Doshas ebb and flow through different cycles of the day, the year, and life. Each dosha needs to go through the cycles of accumulation(the qualities of your primary dosha naturally increases), aggravation (hits its peak), and alleviation (decreases and comes back down to your natural doshic baseline). The onset and pattern of disease is a product of a dosha that is not brought into the alleviation cycle/phase and is left in aggravation too long. The following times of day, year, and life is where each dosha needs to be nurtured and nourished to balance when it’s in a heightened state.
The second stage of life (beginning after the onset of puberty, menstruation and ending around menopause) is supported by and infused with increased elements of the Pitta dosha - water and fire. This stage of life is about transformation and being productive in one’s life - community, career, family, charity, etc. This is typically the stage in life where people organize, work hard, and build their lives.
The late spring and summer seasons are characterized as dry and hot (depending on your climate - it’s the hottest and most dry time of year).
Late spring and summer is when Pitta is accumulating due to the hot and moist qualities. Late spring and summer are considered Pitta accumulation seasons and are when some health challenges can arise if you take in too much heat. The fire element is more pronounced during this time as there is more warmth, dryness, and lightness. The increase in environmental heat can aggravate the digestive fire (agni) which will be drawn to the surfaces as inflammations. The pitta person’s natural heat is reinforced by the stronger sun and increased humidity in the summer and if too much heat is aggravated it will take longer to go into the next natural phase of alleviation. Fall and early winter is when pitta goes into the state of alleviation due to the opposite qualities of cold and dry. Late winter and early spring is the time of year when Pittas begin to accumulate again due to the warm and moist qualities of the shifting weather.
The body can’t truly move into one stage until the previous has been completed. For example, if a Pitta person spends their late spring and summer being mindful of their activities, food and beverage intake, and emotional state - staying calm, keeping hydrated, eating light, gentle foods - they will be truly ready to enter into the alleviation phase that fall and early winter will bring. However, if the Pitta spends that time accumulating even more pitta qualities -physical activity during the sun’s highest point, eating spicy, heavy foods, and engaging in heated exchanges (burning that midnight oil!) - they will not be able to full enter into the state of alleviation as their Pitta will be imbalanced. If you can’t fully go into a phase of alleviation, that’s where the disease process begins.
It’s important to keep the three A's in mind when thinking of the daily cycles - accumulation, aggravation, and alleviation. You’re starting to accumulate immediately upon rising, you get into a period of aggravation in the middle of the day, and then in the evening, you’re looking to enter into the alleviation period so you can rest. If you’re off your routine or cycle one day, it’s not the end of the world. However, if you’re remaining in any of those states for too long, that’s when your body and mind will start to transition into disease.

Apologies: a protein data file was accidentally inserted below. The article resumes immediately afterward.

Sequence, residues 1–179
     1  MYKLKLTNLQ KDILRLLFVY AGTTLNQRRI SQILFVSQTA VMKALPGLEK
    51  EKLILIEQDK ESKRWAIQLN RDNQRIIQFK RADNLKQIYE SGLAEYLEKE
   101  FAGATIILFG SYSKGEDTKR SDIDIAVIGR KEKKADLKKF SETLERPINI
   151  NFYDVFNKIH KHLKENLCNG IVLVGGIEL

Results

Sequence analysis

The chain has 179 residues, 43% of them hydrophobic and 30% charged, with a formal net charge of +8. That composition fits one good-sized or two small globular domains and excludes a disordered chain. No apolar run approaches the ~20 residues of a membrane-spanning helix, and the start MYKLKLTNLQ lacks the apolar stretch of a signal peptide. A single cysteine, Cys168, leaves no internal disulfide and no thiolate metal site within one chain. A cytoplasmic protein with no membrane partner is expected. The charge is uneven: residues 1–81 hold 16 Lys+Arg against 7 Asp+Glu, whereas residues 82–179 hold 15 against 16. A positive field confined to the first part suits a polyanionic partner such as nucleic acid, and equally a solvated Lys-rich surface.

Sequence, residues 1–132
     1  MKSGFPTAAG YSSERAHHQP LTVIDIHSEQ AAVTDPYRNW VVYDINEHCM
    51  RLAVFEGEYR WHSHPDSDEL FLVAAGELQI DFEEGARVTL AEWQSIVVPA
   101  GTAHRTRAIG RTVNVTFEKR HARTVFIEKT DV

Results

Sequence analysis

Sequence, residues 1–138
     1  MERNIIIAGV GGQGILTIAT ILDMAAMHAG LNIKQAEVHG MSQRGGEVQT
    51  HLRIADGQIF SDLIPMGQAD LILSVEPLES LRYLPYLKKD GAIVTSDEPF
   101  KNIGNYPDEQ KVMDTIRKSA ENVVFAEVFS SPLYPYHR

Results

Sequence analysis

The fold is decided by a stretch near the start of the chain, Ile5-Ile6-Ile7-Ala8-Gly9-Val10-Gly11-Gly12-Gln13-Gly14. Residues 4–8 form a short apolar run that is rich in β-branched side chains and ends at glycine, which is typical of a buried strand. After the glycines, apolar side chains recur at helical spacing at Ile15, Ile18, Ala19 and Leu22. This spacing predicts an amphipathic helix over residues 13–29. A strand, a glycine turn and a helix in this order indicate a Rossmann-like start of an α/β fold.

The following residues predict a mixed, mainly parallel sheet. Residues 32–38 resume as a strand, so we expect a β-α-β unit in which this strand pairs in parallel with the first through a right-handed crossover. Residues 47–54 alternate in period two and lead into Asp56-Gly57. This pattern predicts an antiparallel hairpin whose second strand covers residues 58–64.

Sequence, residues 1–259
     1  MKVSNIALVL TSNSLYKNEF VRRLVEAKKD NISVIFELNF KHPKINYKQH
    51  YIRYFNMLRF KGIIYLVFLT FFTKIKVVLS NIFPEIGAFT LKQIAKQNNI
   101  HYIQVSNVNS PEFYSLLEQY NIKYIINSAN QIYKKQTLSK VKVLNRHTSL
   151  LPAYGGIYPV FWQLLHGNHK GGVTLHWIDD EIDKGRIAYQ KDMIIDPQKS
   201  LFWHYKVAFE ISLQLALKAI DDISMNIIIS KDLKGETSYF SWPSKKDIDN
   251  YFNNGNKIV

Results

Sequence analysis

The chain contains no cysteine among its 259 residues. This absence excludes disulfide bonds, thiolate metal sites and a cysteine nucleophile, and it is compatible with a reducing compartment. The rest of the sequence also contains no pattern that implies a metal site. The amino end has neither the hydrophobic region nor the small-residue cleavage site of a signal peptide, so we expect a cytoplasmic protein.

Pitta’s can easily get to the alleviation phase by slowing down; mentally and physically. While relaxation and rest doesn’t come easily as Pittas are naturally full of energy, it’s important to take the time out to reset and keep the fires burning, but not overworking. By incorporating elements of air, ether, and earth during these periods of time, a Pitta will remain balanced. Practices to keep heat from accumulating too much in the summer and then reach alleviation from that heat during the fall can include…
● A gentle kitchari cleanse that includes some cooling fall vegetables such as sweet potatoes, fennel, and coconut milk (earth)
● Cooling pranayama (air) - Sitali,also known as Taco Breaths
● Cooling moon meditations (ether)
It’s not what you do every now and then that matters. It’s what you do most of the time that matters.
People with a predominant pitta dosha have optimum energy and digestion during the periods of 2 pm to 6pm. The most ideal and peace filled day for a Pitta person begins with rising directly upon waking and engaging in a meditation or pranayama practice to help prepare for the day. Pittas should consume gentle foods and beverages throughout the day to fulfill their raging appetite. Reducing and/or avoiding spicy foods and intoxicants will ensure that the Pitta person’s natural tendency to be temperamental.
Pittas digestion will peak at noon and midnight. They should partake in large, filling meals during the day to meet their metabolic needs. These types can’t afford to eat carelessly so it’s recommended that pittas consume whole foods that are strong with sweet, bitter, and astringent tastes.
6 am - 10 am - Accumulation
Rise promptly upon awakening,
Stretch immediately at your bed (just a quick session will do!) to help get the blood flowing to your tissues
Tongue Scraping to remove toxins that have built up over night
Brushing teeth with a cooling mint toothpaste and/or pulling oil with the same as it will help to clear ama and excess pitta from the mouth
Pranayama (breathing exercises)
Yoga (cooling asanas) and/or meditation
Any exercise that feels right for your body at the time is good here. It should not be too intense or too late in the morning.
Walking bare feet on a cool, Dewey lawn is incredibly beneficial to pitta
7 am - 8 am
10 am -2 pm - Aggravation
2 pm -6 pm - Alleviation
6 pm -10 pm - Accumulation
10 pm -2 am - Aggravation
2 am -6 am - Alleviation